OFFICE BUILDINGGROUP HANDLING CAPACITY PERFORMANCE STANDARDS
(5-MINUTE, A.M., UP PEAK) (PERCENTAGE OF ZONE POPULATION)
GRADE OF SERVICE BUILDING OCCUPANCY TYPE
DIVERSIFIED TENANCY MIXED  TENANCY SINGLE TENANCY
EXCELLENT OVER 14% OVER 15% OVER 16%
 GOOD 13 TO 14% 14 TO 15% 15 TO 16%
 FAIR 11 TO 12% 12 TO 13% 13 TO 14%
UNACCEPTABLE UNDER 11% UNDER 12% UNDER 13%

According to British Council for Offices 2009 (BCO) and CIBSE Guide D Guidelines:

  • Up-Peak Group Handling Capacity = 15% or more for single tenant building
  • Up-Peak Group Handling Capacity = 12% or more for mixed or diversified tenancy

For lunchtime two-way peak traffic the recommendations are as follows:

  • Average Waiting Time: 40 s or less
  • Group Handling Capacity: 12% or more

The latest British Council for Offices (BCO) “Guide to Specification 2014” now simply recommends an Up-Peak Group Handling Capacity of at least 12% and a lunchtime two-way peak traffic demand of 13% with a 45% up, 45% down and 10% inter-floor traffic demand. Again this can, if desired, easily be set within the Adsimulo application.

HOTELS – EVENING TWO-WAY PEAK TRAFFIC

Typical guidelines for hotel working populations and good lift performance can be summarised as follows. Note however most major hotel operators publish their own guidelines for both guest and service lift design requirements. As a “rule of thumb” one guest lift will be required for every 100 guest rooms.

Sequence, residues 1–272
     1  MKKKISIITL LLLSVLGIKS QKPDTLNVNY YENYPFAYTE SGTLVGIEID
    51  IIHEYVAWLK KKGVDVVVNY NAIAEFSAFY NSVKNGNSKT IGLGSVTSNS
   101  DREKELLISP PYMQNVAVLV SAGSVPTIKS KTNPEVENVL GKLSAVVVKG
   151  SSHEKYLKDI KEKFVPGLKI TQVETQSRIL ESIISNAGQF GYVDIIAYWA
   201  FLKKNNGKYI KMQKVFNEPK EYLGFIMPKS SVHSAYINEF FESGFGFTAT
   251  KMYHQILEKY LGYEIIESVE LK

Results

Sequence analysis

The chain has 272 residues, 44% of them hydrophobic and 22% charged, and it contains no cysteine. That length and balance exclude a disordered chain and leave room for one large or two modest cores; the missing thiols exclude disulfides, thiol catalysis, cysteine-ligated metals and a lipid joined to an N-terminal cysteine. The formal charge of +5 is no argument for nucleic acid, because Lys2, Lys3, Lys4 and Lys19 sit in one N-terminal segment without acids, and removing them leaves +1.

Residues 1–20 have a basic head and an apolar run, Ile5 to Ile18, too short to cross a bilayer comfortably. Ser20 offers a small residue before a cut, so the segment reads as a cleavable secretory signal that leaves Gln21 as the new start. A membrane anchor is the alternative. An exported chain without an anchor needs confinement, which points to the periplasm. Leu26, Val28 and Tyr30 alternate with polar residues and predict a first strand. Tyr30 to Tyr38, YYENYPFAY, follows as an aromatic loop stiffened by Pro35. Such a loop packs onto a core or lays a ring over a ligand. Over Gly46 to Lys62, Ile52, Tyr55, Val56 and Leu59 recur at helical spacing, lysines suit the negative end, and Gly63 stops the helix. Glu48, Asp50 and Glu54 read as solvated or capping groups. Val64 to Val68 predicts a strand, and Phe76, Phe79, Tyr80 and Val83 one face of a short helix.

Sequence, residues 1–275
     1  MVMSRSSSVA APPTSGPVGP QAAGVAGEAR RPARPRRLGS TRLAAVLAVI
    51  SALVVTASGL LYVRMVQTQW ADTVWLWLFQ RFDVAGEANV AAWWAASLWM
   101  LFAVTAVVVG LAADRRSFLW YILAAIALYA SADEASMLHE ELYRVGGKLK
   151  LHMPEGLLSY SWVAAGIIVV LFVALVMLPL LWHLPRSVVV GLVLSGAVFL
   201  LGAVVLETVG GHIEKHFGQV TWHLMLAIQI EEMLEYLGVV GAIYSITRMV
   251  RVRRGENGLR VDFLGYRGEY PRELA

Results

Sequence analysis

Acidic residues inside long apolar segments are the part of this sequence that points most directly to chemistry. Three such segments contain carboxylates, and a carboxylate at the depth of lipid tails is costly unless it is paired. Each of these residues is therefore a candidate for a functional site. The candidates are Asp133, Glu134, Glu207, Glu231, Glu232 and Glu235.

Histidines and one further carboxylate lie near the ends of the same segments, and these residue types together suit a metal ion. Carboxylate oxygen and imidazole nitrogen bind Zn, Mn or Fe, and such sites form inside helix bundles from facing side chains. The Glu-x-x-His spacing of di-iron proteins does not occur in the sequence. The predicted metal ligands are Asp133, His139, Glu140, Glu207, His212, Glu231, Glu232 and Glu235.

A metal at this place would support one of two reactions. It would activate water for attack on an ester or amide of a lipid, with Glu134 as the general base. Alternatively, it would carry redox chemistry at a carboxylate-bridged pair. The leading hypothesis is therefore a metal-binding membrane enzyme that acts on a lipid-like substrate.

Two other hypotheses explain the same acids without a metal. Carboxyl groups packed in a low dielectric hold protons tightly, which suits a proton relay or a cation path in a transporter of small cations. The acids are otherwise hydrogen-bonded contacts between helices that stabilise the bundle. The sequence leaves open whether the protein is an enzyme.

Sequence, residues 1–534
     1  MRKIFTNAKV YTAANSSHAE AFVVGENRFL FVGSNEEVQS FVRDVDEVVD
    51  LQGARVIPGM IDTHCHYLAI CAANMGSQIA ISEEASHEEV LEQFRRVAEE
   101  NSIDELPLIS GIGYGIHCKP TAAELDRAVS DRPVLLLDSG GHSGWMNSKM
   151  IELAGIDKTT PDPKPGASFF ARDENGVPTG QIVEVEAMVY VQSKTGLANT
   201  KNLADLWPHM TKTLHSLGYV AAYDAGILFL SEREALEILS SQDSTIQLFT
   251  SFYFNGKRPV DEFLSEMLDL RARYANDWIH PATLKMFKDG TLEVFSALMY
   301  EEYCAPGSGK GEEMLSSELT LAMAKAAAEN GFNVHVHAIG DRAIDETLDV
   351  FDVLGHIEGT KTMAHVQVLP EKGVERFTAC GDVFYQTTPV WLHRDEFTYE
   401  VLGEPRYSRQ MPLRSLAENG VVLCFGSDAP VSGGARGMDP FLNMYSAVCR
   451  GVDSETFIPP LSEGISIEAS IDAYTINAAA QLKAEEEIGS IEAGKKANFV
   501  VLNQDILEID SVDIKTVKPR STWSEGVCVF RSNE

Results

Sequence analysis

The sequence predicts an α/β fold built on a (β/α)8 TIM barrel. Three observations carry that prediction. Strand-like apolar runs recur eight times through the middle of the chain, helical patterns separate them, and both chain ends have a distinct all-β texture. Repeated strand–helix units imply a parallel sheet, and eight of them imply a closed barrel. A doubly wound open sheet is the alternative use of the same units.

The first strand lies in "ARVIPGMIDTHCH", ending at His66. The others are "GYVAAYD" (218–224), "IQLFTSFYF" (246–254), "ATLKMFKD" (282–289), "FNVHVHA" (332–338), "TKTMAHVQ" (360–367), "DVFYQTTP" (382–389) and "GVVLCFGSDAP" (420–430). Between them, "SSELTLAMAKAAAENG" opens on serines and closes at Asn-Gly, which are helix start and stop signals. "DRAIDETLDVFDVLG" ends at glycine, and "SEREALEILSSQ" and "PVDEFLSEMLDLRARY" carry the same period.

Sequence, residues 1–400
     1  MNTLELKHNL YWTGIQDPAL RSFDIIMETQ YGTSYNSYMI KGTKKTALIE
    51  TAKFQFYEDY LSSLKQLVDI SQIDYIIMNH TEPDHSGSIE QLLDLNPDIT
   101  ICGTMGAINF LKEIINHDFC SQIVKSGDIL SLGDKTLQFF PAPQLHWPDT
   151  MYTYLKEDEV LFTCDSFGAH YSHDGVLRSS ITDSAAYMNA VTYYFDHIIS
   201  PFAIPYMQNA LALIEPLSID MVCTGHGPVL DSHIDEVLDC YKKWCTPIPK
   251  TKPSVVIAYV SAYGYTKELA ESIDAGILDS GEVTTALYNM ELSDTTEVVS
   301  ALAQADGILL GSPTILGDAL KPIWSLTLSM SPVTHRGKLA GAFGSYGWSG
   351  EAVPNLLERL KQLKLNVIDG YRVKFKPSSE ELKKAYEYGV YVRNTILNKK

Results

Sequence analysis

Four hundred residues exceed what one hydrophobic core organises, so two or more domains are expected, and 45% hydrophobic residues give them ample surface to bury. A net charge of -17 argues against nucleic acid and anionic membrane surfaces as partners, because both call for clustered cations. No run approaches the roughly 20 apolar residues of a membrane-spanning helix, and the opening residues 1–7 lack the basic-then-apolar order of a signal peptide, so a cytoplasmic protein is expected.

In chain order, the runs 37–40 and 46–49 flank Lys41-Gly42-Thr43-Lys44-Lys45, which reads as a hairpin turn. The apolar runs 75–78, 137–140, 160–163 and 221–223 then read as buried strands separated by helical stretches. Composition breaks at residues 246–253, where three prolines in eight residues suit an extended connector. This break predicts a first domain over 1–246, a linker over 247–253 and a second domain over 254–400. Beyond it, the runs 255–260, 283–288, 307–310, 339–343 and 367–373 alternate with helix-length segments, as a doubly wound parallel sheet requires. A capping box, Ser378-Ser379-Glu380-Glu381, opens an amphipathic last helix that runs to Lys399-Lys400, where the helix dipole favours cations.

HOTEL BUILDING PERFORMANCE STANDARDS (5-MINUTE, TWO-WAY PEAK TRAFFIC)
TYPE OF HOTEL POPULATION (PERSONS / ROOM) AVERAGE INTERVAL (SECS) GROUP HANDLING CAPACITY (% OF POPULATION)
COMMERCIAL 1.3-1.7 ≤40-45 seconds ≥10-12%
CONFERENCE 1.8-2.0 ≤40-50 seconds ≥10-12%
TOURIST 2.0-3.0 ≤40-50 seconds ≥10-12%

RESIDENTIAL APARTMENTS – EVENING TWO-WAY PEAK TRAFFIC

Typical guidelines for residential working populations and good lift traffic performance can be summarised as follows:

RESIDENTIAL APARTMENTS PERFORMANCE STANDARDS 5-MINUTE, TWO WAY PEAK
TYPE OF BUIDING AVERAGE INTERVAL (SECS) GROUP HANDLING CAPACITY (% OF POPULATION)
LUXURY APARTMENTS ≤45-50 ≥8%
NORMAL APARTMENTS ≤50-60 ≥6-8%
LOW INCOME APARTMENTS ≤50-70 ≥5-7%

The working population of the building can be estimated using the following guidelines:

APARTMENT TYPE OCCUPANCY FACTORS FOR RESIDENTIAL BUILDINGS
LUXURY NORMAL LOW INCOME
Studio 1.0 1.5 2.0
1 Bedroom 1.5 1.8 2.0
2 Bedroom 2.0 3.0 4.0
3 Bedroom 3.0 4.0 5.0

CAR PARK STRUCTURES – EVENING ONE-WAY PEAK TRAFFIC

Typical guidelines for the lift traffic design of a parking facility is to estimate the population of the car park based on the average number of persons arriving per vehicle and the number of parking spaces available on each floor. The “working population” figure might also allow for some car park users preferring to take the stairs so a discount of the population at the lowest floors of the car park structure might be appropriate. The peak period is usually considered to be the evening “down peak” when car park users arrive at the car park main floor and need to be distributed to the parking floors either above or below the main floor. “Good” lift traffic performance is indicated in the table below:

CAR PARK STRUCTURE PERFORMANCE STANDARDS
(5-MINUTE, ONE-WAY PEAK TRAFFIC)
TYPE OF BUILDING ARRIVALS
(PERSONS / VEHICLE)
AVERAGE INTERVAL
(SECS)
GROUP HANDLING CAPACITY
(% OF POPULATION)
OFFICE 1.2 – 1.5 ≤40-45 seconds 8 – 10%
FREE STANDING 2.0 – 2.5 ≤45-60 seconds 8 -10%

Other types of car park structure e.g. retail related will require analysis of the 2-way peak traffic.